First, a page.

Army's torture of prisoners 'had official blessing'
Defence chiefs and ministers face fresh pressure over the treatment of civilians at the hands of British forces in Iraq today, as a new report revives fears that "torture" techniques have been used 30 years after they were banned.
A scathing report from the Joint Human Rights Committee (JHRC) warns that the use of "coercive interrogation techniques" may have been officially sanctioned, despite assurances that troops knew they were outlawed.
The former armed forces minister Adam Ingram and Lieutenant-General Robin Brims, former Commander Field Army, told an earlier committee inquiry that British forces knew they could not use five "conditioning" techniques – wall standing, hooding, subjection to noise, and deprivation of sleep, food and drink – during interrogation.
But the committee has now ruled that their evidence conflicts with the findings of a subsequent court-martial hearing, and an internal Ministry of Defence review into the death of an Iraqi hotel worker, Baha Mousa, at the hands of British soldiers in September 2003.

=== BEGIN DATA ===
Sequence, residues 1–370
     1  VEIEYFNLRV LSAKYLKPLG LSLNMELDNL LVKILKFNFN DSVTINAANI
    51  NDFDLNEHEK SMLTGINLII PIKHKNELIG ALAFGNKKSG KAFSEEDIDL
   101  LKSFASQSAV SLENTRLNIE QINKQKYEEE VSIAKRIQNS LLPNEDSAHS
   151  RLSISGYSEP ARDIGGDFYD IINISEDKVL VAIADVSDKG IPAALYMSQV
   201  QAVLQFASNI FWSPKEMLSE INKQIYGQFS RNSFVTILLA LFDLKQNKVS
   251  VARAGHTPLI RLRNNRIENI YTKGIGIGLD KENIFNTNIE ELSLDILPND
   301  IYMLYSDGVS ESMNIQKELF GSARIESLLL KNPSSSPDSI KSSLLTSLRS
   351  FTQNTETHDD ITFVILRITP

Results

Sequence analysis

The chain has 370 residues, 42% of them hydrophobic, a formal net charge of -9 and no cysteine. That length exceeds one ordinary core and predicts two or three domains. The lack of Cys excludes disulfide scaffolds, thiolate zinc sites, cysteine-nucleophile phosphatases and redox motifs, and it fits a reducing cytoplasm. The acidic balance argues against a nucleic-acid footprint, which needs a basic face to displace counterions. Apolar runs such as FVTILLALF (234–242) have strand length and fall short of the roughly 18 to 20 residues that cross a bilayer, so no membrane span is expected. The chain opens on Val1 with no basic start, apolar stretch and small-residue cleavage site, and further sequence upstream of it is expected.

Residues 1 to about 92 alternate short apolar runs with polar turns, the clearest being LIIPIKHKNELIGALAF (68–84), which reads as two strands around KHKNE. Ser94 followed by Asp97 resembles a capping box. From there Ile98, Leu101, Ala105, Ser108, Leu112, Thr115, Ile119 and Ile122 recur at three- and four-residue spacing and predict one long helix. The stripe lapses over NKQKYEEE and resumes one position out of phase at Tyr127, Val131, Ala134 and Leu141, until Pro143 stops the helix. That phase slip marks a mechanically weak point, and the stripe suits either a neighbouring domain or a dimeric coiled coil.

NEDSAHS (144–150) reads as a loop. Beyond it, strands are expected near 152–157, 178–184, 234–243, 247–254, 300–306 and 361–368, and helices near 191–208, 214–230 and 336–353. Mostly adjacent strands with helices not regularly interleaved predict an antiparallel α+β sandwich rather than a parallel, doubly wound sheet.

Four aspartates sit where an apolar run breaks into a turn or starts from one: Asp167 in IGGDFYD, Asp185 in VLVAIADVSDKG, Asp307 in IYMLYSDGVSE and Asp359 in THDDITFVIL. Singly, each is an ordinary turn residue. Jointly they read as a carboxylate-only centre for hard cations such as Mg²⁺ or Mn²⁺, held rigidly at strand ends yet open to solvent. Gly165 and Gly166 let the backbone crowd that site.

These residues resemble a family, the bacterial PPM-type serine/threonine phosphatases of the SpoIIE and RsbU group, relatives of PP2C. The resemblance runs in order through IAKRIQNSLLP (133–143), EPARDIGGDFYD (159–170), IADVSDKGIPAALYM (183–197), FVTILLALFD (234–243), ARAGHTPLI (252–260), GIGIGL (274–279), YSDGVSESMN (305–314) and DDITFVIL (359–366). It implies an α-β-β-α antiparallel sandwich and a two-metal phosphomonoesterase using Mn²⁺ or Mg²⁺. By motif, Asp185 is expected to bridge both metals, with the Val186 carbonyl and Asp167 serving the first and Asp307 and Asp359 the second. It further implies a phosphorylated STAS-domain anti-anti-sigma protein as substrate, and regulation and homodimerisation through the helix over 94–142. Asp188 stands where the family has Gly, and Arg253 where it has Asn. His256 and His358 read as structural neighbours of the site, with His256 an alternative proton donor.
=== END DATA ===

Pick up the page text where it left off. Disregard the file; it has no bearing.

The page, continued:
The JHRC report also found that the use of hooding and stress positioning by 1 Queen's Lancashire Regiment in 2003 was based on legal advice received from brigade headquarters. It claims that, at least until the Baha Mousa case came to light, the prohibition on the use of conditioning techniques "was not as clearly articulated to troops in Iraq as it might, and indeed should, have been".
The committee's chairman, Andrew Dismore, said: "We have yet to receive an explanation from the Ministry of Defence for the discrepancies in evidence given ... by Mr Ingram in 2004 and Lieutenant-General Brims in 2006 on the use of these illegal ... techniques."
Phil Shiner of Public Interest Lawyers, who has represented Iraqis who claim abuse at the hands of British troops, said: "We are meant to believe that it is just ... a few bad apples, but the evidence from courts martial and other cases shows that nothing could be further from the truth. These methods are about breaking people down. They were meant to have been banned, but somehow they came back and they became written and verbal policy."
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